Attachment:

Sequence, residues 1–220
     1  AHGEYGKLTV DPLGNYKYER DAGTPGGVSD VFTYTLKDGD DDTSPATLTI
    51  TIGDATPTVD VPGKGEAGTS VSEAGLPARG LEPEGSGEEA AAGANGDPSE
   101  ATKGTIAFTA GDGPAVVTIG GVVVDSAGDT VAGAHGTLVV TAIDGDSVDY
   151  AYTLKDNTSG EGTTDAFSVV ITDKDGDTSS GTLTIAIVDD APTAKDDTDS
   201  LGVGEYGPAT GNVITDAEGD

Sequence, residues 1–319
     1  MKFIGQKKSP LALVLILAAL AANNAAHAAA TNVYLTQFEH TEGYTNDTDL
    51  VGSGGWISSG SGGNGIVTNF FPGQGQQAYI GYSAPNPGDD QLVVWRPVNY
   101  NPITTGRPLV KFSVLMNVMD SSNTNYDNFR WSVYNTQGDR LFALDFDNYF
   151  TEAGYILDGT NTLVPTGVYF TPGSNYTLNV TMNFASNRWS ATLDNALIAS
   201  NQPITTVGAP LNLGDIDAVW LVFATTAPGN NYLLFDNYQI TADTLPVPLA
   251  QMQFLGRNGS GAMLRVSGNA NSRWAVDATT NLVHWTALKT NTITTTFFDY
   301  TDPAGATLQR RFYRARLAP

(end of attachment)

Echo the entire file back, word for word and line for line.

Sequence, residues 1–220
     1  AHGEYGKLTV DPLGNYKYER DAGTPGGVSD VFTYTLKDGD DDTSPATLTI
    51  TIGDATPTVD VPGKGEAGTS VSEAGLPARG LEPEGSGEEA AAGANGDPSE
   101  ATKGTIAFTA GDGPAVVTIG GVVVDSAGDT VAGAHGTLVV TAIDGDSVDY
   151  AYTLKDNTSG EGTTDAFSVV ITDKDGDTSS GTLTIAIVDD APTAKDDTDS
   201  LGVGEYGPAT GNVITDAEGD

Sequence, residues 1–319
     1  MKFIGQKKSP LALVLILAAL AANNAAHAAA TNVYLTQFEH TEGYTNDTDL
    51  VGSGGWISSG SGGNGIVTNF FPGQGQQAYI GYSAPNPGDD QLVVWRPVNY
   101  NPITTGRPLV KFSVLMNVMD SSNTNYDNFR WSVYNTQGDR LFALDFDNYF
   151  TEAGYILDGT NTLVPTGVYF TPGSNYTLNV TMNFASNRWS ATLDNALIAS
   201  NQPITTVGAP LNLGDIDAVW LVFATTAPGN NYLLFDNYQI TADTLPVPLA
   251  QMQFLGRNGS GAMLRVSGNA NSRWAVDATT NLVHWTALKT NTITTTFFDY
   301  TDPAGATLQR RFYRARLAP